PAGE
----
Terrorism fears prompt private security boom in Germany
After the series of bloody attacks that shocked the country, each festival or party is now more comfortable with having an armed guard, the newspaper says.
Parties that used not to be guarded now want security. And even those that had security guards in the past ask for more.
“We’ve had several requests for armed guards this week. Everyone is nervous at the moment. Since the last attacks, demand has boomed,” said the manager of one security firm in Bavaria.
However, requests for armed personnel are being widely rejected, as events need special permission from state authorities to provide armed guards. Such permission is rarely granted.
Germany saw several terrorism-related incidents in July.
In Munich, an 18-year-old killed nine people with a handgun in a shopping mall before killing himself.
A 27-year-old detonated a bomb in a pub in Ansbach, killing himself and injuring 15 others.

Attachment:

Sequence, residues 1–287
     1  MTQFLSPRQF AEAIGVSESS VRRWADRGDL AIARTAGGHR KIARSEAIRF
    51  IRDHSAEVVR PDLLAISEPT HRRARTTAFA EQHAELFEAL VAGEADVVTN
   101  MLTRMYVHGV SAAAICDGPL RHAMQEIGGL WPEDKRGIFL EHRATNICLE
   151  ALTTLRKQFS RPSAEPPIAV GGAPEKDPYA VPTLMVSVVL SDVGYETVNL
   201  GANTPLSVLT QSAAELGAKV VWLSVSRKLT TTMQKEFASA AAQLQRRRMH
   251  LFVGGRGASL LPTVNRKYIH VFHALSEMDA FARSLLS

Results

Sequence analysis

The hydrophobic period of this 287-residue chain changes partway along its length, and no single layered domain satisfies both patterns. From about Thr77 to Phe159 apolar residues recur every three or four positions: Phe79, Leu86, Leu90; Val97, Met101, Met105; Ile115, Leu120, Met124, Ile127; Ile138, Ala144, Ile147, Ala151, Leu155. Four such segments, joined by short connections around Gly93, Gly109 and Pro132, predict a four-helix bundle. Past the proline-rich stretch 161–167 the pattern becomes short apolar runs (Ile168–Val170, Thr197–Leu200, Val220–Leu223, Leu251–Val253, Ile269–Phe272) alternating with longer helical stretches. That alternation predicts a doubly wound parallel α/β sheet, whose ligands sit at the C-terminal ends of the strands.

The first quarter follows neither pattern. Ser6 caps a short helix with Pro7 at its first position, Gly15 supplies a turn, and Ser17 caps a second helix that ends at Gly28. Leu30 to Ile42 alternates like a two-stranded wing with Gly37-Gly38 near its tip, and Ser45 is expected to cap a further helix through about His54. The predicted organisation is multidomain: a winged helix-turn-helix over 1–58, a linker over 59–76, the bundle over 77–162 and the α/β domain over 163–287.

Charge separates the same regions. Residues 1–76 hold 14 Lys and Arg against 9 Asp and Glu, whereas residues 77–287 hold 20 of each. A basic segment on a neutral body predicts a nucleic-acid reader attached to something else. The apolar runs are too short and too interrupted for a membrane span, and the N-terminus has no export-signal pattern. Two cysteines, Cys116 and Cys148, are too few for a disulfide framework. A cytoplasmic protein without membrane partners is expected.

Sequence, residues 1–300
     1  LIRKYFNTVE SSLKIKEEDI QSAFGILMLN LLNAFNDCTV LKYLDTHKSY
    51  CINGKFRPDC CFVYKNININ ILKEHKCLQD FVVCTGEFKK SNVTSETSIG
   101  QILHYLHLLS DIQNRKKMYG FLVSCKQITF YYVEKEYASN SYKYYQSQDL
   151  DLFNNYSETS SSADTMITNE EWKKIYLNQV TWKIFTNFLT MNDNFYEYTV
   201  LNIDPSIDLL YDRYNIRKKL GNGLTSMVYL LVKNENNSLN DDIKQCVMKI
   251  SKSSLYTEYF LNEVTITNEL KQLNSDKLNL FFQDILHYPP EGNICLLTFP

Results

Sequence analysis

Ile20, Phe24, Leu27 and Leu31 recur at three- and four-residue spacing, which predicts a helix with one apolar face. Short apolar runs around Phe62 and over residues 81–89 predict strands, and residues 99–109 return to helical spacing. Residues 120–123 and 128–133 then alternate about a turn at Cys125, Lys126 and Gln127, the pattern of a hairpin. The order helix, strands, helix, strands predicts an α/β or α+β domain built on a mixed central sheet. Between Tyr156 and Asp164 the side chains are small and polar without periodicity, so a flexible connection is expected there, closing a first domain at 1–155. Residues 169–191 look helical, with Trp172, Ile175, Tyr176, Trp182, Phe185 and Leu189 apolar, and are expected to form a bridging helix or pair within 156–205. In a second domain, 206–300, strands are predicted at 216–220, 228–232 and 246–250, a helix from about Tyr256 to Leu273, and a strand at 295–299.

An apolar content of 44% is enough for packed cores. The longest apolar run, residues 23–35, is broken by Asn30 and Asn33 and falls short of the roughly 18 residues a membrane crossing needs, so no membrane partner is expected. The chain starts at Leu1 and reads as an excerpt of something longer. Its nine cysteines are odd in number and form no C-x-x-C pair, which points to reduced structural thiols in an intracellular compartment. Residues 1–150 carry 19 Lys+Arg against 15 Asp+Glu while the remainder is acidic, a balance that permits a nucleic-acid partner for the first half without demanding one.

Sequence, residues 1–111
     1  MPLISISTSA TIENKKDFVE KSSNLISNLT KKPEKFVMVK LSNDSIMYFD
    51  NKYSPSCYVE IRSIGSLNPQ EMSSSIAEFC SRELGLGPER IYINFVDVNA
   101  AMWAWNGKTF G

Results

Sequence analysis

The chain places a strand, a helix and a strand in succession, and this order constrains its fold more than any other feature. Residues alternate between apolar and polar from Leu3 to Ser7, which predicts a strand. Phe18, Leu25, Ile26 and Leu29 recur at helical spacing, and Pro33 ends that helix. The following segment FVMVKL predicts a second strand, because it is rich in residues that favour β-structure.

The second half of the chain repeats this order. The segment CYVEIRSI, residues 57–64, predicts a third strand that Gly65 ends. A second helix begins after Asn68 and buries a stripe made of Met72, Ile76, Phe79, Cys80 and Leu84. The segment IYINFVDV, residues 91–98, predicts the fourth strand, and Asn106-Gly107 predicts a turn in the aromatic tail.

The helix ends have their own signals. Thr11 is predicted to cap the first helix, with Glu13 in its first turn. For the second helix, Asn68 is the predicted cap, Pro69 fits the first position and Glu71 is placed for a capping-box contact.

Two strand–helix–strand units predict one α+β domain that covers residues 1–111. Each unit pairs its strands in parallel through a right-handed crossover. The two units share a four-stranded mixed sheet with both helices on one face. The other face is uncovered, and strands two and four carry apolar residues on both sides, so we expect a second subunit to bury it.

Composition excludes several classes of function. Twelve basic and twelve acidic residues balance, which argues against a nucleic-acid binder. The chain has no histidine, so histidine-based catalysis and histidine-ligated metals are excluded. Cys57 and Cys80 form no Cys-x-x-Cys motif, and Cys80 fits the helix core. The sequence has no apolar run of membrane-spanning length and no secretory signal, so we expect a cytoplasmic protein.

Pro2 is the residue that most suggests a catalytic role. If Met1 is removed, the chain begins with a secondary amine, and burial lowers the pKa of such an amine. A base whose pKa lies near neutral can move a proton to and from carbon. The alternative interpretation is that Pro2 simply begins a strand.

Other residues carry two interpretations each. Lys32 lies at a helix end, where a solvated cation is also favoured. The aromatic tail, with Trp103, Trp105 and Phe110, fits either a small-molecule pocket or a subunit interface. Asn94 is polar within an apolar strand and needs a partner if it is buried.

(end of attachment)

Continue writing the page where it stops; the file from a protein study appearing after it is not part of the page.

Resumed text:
A 17-year old Afghan refugee attacked passengers on a train in Bavaria with an ax, severely wounding four people before he was killed by police.
In another case, a young Syrian refugee stabbed a co-worker in a kebab shop before attacking passersby.
More companies are also introducing 'spotter teams' - security personnel that observe the crowd. However it is unclear whether this could have prevented the attack in Ansbach, where the bomber was reported to have been walking a strange way. Spotter teams work undercover but are prohibited from carrying firearms under strict German law.
The number of people employed in security is rapidly growing in Germany. Last year, the number of employees grew more than 10 percent, according to BDSW. As of last September, 233,000 people were employed in the industry.